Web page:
Temporomandibular lavage for temporomandibular disorders

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This review of TMJ lavage for temporomandibular disorders only included 5 small RCTs a majority of which were at high risk of bias. While the findings suggest a benefit from lavage this should be interpreted cautiously because of the limited quality of the available evidence.

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Anxiety and pain during dental treatment

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35 studies investigating 47 clinical groups were included in this review of the association between dental anxiety and pain during dental treatment. The findings suggest a consistent impact on pain through the entire period of dental treatment.

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Root canal treatment –patient age not a prognostic factor

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This review of the outcome of root canal treatment in older adults included 24 studies (9 prospective, 15 retrospective) and suggests that outcomes are the same as in younger adults.

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Azithromycin as an adjunctive antibiotic in non-surgical periodontal therapy

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Another new review of local or systemic azithromycin as an adjunct in non-surgical periodontal therapy includes 14 RCTs and demonstrates small benefits in periodontal parameters. However, the included studies are small and it is unclear if the benefits are clinically important.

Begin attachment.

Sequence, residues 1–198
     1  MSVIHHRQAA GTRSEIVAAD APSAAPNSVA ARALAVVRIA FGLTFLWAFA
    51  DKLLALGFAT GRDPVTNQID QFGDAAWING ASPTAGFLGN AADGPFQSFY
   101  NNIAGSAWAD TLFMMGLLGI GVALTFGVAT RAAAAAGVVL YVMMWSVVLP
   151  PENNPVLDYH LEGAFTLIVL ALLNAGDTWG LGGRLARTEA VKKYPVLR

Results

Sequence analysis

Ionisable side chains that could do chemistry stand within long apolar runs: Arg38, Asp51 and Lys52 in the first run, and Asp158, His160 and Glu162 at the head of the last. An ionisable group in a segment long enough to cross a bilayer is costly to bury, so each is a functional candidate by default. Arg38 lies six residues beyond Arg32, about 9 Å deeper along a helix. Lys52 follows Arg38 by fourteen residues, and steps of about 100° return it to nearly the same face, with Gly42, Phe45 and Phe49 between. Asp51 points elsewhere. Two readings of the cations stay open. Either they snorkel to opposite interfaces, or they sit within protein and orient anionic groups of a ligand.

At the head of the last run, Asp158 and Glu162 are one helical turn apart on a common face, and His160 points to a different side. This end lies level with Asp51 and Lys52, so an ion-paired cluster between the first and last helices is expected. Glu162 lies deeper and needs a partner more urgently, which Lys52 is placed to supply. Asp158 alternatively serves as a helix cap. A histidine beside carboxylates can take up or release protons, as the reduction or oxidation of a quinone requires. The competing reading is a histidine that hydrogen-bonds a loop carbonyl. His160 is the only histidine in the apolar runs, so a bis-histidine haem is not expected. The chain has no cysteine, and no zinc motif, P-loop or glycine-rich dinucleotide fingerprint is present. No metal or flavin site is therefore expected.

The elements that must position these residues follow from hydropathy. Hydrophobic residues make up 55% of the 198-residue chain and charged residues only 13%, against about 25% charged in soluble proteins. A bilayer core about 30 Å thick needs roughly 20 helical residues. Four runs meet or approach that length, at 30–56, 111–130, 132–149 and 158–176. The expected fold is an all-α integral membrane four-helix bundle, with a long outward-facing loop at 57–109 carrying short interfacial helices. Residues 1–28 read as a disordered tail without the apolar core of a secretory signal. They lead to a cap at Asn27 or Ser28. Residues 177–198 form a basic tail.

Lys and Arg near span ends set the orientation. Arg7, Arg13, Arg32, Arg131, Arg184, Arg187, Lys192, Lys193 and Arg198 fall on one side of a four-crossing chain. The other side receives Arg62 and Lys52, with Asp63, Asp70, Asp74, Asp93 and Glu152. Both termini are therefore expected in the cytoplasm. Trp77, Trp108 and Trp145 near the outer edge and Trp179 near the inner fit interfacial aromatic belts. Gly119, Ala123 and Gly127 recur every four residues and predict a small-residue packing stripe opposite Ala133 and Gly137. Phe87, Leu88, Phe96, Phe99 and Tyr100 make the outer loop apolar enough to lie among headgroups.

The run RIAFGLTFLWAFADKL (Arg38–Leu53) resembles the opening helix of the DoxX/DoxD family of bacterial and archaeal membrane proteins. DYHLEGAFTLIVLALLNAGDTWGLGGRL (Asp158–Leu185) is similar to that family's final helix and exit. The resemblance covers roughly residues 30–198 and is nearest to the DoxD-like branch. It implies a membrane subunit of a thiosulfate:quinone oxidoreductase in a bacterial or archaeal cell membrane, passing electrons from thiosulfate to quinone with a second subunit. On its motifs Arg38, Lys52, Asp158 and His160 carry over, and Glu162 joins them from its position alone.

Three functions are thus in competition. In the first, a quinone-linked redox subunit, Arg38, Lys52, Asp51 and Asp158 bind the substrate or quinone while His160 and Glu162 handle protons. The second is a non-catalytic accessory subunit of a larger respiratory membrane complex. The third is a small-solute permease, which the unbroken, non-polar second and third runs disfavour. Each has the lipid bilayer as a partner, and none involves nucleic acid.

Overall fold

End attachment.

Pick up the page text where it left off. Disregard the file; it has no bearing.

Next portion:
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Mandibular condylar fractures: is surgical or non-surgical approach best?

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Review of 36 studies at high risk of bias suggests that surgical treatment of mandibular condylar fractures provides a better clinical outcome for post-treatment malocclusion, protrusion, laterotrusion, and lateral deviation during maximal incisal opening in comparison to non-surgical treatment. But more patients affected by post-treatment infection.

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Peri-implantitis: little evidence that particular non-surgical treatments are better than debridement alone

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This Bayesian network meta-analysis only included 11 small studies of overall low quality. While the greatest reduction in PPD was seen with debridement in conjunction with antibiotics the difference are small so it is difficult to conclude that any particular non-surgical treatment for peri-implantitis performs better than debridement alone

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Periodontal treatment may be effective in improving metabolic control in diabetics but clinical significance is unclear

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The destructive form of periodontal disease, periodontitis, affects approximately 50% of adults and over 60% of over 65 year olds, with severe periodontitis affecting 10–15% of populations. It is biologically plausible that chronic inflammation from periodontal disease has an impact on diabetes control and a number of epidemiological studies have highlighted associations between the two [read the full story…]

Review finds limited evidence for adjunctive use of the diode laser with non-surgical periodontal debridement

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Diode-lasers have been used for soft-tissue applications such as incision, haemostasis, and coagulation so are considered to have potential for the treatment of periodontal disease. The aim of this review was to assess the adjunctive effect of a diode laser following non-surgical periodontal debridement (SRP) during the initial phase of periodontal therapy on the clinical [read the full story…]

Some evidence of improvement in metabolic control in diabetics, after treating periodontal disease

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Many have suggested a two-way relationship between periodontitis and  diabetes mellitus. Poor glycaemic control is associated with an increase risk of periodontal disease and in 2010 a Cochrane review  (Simpson et al) estimated a 0.4% reduction of HbA1c associated with periodontal treatment.  At that time Simpson et al noted that there were only a small [read the full story…]